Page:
The head of the Conference of Religious Superiors in Austria, Abbot Maximilian Fürnsinn, of Herzogenburg Abbey, said a church summit is called for as certain of the reforms the Priests’ Initiative is pressing for, such as allowing older married men to say Mass, could be taken up and were at least worthy of discussion. Abbot Martin Felhofer of Schlägl Abbey said: “This can no longer be solved by the Cardinal [Schönborn] alone. Everyone – bishops, abbots, Religious and representatives of the Austrian Priests’ Initiative – must sit down and discuss the problems together.” (In a Church which brags about not being a democracy, this notion of collegiality and debate amongst peers will never happen--even under Schonborn.)
While Cardinal Schönborn was in Madrid for World Youth Day – where he was apparently repeatedly asked about the Priests’ Initiative by his fellow bishops – and subsequently in Rome for this year’s Schülerkreis meeting, the initiative has continued to make almost daily headlines in the Austrian media.(I bet he was, and I bet he was given a lot of advice about how to deal with his 'dissenters').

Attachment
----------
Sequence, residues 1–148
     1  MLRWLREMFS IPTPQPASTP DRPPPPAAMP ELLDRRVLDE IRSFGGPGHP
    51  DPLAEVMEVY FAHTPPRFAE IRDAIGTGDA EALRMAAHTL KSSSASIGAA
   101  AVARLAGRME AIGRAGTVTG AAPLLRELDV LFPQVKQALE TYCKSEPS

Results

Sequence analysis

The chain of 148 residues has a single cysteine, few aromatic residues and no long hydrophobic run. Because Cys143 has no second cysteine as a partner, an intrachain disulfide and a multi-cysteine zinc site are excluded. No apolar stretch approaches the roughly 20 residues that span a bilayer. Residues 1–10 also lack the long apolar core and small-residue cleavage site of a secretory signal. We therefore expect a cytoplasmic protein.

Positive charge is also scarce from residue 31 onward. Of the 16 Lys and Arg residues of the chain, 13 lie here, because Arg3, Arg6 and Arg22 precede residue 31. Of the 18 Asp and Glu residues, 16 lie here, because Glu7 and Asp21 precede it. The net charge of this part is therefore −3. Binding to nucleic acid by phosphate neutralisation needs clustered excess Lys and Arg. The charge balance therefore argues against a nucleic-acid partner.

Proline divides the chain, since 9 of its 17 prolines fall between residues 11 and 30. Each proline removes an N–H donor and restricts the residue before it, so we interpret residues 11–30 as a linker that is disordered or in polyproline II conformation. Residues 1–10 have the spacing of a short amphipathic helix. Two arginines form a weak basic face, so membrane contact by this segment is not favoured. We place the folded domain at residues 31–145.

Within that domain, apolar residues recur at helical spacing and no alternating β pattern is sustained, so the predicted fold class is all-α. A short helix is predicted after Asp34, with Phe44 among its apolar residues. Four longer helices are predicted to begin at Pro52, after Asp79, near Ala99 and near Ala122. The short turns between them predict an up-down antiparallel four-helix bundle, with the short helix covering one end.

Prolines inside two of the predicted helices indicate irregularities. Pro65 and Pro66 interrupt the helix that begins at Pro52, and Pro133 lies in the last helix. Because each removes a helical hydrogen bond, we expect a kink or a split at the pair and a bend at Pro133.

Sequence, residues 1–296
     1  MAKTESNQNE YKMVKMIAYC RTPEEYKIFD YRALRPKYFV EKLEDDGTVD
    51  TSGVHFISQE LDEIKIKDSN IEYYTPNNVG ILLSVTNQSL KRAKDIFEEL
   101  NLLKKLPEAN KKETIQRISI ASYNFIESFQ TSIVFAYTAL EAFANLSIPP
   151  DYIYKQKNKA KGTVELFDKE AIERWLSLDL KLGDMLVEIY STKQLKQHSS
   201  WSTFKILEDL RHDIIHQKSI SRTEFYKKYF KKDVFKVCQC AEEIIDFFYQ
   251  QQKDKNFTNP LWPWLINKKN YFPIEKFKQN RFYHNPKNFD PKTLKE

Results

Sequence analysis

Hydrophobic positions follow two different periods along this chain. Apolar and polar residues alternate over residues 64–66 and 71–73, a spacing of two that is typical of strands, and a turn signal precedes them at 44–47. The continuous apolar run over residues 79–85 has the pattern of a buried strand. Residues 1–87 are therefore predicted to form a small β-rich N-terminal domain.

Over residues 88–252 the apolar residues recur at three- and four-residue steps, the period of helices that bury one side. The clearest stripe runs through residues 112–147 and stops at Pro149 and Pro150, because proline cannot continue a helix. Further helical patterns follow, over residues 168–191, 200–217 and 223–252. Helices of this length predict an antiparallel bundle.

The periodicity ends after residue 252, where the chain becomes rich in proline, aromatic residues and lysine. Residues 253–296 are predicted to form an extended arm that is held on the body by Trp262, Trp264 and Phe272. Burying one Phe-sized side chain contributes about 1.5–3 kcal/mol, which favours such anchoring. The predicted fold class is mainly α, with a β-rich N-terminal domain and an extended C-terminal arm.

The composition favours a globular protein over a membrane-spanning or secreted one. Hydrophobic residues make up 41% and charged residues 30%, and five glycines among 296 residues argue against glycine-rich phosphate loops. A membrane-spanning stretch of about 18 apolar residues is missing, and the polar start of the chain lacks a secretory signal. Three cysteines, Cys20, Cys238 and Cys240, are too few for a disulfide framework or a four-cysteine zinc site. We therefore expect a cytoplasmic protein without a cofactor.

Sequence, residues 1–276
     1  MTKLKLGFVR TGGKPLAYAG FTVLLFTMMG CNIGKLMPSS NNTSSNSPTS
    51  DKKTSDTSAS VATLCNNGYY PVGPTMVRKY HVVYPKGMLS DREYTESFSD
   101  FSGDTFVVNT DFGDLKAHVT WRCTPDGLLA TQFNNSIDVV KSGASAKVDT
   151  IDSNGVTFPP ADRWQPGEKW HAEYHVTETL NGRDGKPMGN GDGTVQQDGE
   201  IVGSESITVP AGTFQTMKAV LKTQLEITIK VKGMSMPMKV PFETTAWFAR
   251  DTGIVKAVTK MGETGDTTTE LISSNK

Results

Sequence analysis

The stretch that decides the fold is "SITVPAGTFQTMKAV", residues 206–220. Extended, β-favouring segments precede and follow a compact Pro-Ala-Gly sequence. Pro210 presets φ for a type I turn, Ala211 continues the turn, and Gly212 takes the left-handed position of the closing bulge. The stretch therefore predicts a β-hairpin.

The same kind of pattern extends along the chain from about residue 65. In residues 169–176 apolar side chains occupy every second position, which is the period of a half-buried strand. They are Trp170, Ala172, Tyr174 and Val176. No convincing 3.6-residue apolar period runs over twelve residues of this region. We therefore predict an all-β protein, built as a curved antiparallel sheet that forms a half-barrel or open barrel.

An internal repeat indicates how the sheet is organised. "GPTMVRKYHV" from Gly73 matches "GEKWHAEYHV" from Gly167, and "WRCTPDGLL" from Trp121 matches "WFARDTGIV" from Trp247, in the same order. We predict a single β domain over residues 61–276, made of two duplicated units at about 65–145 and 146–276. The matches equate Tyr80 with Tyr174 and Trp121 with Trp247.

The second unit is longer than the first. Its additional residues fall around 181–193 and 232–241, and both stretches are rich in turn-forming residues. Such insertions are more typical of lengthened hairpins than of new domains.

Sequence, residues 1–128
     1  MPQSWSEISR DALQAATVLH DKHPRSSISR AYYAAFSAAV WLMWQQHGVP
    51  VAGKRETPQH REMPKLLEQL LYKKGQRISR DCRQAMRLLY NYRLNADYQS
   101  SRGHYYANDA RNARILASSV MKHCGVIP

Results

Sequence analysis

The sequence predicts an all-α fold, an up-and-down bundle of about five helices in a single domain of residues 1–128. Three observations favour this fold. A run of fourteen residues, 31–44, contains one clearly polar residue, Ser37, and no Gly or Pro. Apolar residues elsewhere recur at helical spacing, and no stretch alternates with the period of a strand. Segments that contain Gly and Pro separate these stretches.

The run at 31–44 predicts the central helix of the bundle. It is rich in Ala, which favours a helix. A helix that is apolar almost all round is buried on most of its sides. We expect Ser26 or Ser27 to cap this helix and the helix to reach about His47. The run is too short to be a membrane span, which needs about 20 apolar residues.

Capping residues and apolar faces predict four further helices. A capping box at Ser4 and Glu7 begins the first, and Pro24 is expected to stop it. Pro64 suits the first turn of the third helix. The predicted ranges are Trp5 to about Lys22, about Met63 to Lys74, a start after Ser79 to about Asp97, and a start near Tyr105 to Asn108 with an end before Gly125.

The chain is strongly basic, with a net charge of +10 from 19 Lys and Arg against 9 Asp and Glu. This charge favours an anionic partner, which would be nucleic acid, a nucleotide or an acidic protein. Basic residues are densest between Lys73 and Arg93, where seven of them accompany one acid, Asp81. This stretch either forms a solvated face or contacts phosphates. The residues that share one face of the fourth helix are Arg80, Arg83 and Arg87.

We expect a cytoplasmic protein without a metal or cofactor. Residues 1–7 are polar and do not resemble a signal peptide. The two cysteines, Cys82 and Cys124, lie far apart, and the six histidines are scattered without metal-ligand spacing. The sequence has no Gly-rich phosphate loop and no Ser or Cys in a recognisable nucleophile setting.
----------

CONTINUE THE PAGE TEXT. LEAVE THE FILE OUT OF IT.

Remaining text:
Four priests have left the Initiative, but 86 more have joined so that it now numbers 400 priests – roughly one in 10 – and 12,000 active supporters. In his many media interviews within the last three weeks, Mgr Schüller has confirmed that he has received support from all over the world, in particular from Brazil, the US, Ireland, France, Germany, Italy and Mexico. The international reactions showed that the Vatican was “obviously” faced with problems worldwide and that “our concerns are certainly not Mickey Mouse issues”, Mgr Schüller said on 25 August. He admitted that the Initiative had also come in for some very sharp criticism. “Some want to throw us out of the Catholic Church altogether and even go so far as to curse us. They call us schismatics and rebels who are destroying the Church,” he told the weekly News magazine.